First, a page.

The foregoing merely illustrates the principles of the invention. Thus, for example, although the invention is disclosed as being implemented in a phase-lock loop, it is applicable to adaptive closed-loop control systems generally, as noted above.

Moreover, although the adjustable scaling element is shown as being located in the same loop branch as the state variable whose value is used to adjust the scale factor in accordance with the invention, it might be possible for other embodiments to have them in different branches. Moreover, in embodiments where the scaling element and state variable are, in fact, in the same branch, it is not necessary that, as in the present embodiment, the scaling element appears in that branch at a point after the state variable appears. Rather, the scaling element could appear ahead of the state variable. Such an approach would not yield the above-discussed advantage of the invention relating to the precision of the state variable--which issue could be dealt with in other ways using, for example, large registers, floating point arithmetic or analog technology. It would, however, continue to provide the other advantage relating to optimization of the loop bandwidth.

Although the predetermined range discussed herein is disclosed as having both an upper and lower bound, that range may be open-ended, i.e., have only one such bound, in some embodiments. This is equivalent to making the adjustment as a function of whether or not the state variable is greater (or, alternatively, less) than some desired value. In such embodiments, the amount of the adjustment may be such as to bring the value of the state variable to that desired value.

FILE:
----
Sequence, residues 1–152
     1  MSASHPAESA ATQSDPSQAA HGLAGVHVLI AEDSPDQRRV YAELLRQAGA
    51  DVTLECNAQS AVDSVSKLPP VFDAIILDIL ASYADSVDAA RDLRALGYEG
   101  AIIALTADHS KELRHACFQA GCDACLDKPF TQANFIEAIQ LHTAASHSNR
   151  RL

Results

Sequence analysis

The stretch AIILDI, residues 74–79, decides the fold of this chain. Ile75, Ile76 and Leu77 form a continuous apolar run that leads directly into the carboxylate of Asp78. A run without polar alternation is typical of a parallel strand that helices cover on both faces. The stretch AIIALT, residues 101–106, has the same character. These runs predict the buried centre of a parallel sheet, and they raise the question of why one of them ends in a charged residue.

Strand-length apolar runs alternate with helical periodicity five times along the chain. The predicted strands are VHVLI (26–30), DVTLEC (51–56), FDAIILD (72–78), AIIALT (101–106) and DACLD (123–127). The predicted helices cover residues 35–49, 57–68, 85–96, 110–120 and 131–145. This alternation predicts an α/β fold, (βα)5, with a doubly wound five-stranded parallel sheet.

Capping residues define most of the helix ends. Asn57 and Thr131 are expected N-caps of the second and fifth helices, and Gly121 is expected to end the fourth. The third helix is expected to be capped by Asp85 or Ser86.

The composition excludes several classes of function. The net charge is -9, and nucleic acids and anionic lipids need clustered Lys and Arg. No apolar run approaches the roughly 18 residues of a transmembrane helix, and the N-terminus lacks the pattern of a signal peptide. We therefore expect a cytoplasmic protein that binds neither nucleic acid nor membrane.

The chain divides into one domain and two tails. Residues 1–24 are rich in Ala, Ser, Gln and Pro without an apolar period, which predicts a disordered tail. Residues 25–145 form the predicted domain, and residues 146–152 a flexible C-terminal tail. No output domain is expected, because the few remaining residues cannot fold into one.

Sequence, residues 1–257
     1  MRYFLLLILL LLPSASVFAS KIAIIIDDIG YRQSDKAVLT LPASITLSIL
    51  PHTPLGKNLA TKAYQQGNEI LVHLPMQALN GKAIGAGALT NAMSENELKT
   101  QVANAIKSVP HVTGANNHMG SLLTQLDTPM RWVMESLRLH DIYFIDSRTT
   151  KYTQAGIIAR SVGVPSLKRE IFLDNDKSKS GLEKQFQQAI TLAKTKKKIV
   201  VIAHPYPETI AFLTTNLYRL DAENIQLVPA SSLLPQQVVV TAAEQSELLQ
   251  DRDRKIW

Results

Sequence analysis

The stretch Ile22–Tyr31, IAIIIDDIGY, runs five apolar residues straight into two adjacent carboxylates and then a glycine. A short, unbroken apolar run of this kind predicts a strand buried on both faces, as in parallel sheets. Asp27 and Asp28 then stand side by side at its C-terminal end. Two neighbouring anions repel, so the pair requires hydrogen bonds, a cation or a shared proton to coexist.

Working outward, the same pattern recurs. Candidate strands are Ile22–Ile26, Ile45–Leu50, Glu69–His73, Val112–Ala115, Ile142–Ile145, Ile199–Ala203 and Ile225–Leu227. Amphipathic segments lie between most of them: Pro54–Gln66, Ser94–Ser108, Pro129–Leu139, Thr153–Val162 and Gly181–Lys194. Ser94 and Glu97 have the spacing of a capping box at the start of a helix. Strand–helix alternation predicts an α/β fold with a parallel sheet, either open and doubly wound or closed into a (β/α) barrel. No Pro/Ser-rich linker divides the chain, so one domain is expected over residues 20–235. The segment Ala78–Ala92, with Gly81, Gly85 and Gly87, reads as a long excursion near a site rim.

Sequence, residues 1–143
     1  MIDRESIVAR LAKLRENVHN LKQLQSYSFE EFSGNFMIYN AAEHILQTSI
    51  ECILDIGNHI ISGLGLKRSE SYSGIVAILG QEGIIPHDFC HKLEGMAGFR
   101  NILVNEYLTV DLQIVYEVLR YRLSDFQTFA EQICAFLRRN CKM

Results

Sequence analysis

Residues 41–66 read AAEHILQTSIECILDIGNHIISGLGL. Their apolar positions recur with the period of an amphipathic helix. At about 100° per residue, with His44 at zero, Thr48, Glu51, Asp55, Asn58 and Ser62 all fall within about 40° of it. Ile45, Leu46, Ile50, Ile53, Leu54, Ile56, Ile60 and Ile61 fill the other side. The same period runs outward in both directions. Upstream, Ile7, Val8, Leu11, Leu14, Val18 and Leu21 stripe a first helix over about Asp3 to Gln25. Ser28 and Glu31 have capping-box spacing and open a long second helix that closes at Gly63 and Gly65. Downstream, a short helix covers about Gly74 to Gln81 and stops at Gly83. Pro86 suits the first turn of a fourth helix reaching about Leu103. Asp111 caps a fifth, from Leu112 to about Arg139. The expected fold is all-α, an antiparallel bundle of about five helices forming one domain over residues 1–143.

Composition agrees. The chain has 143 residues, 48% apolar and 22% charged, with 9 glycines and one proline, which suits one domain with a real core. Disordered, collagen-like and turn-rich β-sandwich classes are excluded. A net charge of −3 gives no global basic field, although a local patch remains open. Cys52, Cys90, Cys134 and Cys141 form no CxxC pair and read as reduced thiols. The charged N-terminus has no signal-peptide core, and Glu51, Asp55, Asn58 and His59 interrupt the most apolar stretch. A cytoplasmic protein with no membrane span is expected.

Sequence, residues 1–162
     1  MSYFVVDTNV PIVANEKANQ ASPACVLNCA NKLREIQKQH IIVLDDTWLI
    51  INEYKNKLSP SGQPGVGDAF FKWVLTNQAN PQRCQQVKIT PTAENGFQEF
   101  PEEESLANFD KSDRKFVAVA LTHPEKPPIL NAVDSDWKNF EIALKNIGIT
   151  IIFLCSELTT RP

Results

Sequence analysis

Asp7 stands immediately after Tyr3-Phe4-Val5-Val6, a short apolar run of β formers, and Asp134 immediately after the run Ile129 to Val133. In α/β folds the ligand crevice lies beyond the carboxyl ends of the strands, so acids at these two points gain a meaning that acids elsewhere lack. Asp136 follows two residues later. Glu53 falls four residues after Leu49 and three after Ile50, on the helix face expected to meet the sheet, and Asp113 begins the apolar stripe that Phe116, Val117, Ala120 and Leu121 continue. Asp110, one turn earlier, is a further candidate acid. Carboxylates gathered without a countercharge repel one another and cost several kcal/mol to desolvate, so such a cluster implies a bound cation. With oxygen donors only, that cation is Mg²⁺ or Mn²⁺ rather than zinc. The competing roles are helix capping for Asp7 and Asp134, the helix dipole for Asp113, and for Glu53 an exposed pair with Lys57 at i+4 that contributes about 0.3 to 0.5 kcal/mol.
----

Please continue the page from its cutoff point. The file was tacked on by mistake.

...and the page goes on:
As far as implementation of the invention is concerned, those skilled in the art will recognize that embodiments such as that described herein typically operate on complex signals, only the real or imaginary parts of which may be used to carry out certain of the operations. In addition, various standard elements used in such embodiments have been omitted in the interest of clarity and simplicity, as will also be appreciated by those skilled in the art. Moreover, although the invention is disclosed herein for pedagogic clarity as being implemented using discrete functional circuit elements, those skilled in the art will appreciate that the functions of any one or more of those elements could be realized using one or more programmable processors, digital signal processing (DSP) chips, or other similar technologies.

It will thus be appreciated that those skilled in the art will be able to devise numerous arrangements which, although not explicity shown or described herein, embody the principles of the invention and are within its spirit and scope.

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Referenced by
Citing PatentFiling datePublication dateApplicantTitle
US5408202 *Jun 25, 1993Apr 18, 1995MotorolaPhase lock loop having a lock acquisition mode and method of operation therefor
US6181791 *Jan 6, 1998Jan 30, 2001Stmicroelectronics, Inc.Apparatus and method for reducing local interference in subscriber loop communication system
US7227918Mar 13, 2001Jun 5, 2007Altera CorporationClock data recovery circuitry associated with programmable logic device circuitry
US7333570Jun 3, 2003Feb 19, 2008Altera CorporationClock data recovery circuitry associated with programmable logic device circuitry
US7684532Apr 25, 2007Mar 23, 2010Altera CorporationClock data recovery circuitry associated with programmable logic device circuitry
US20010033188 *Mar 13, 2001Oct 25, 2001Edward AungClock data recovery circuitry associated with programmable logic device circuitry
US20030212930 *Jun 3, 2003Nov 13, 2003Altera CorporationClock data recovery circuitry associated with programmable logic device circuitry
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Classifications
U.S. Classification331/15, 331/25, 331/17
International ClassificationH03L7/107
Cooperative ClassificationH03L7/107, H03L2207/04
European ClassificationH03L7/107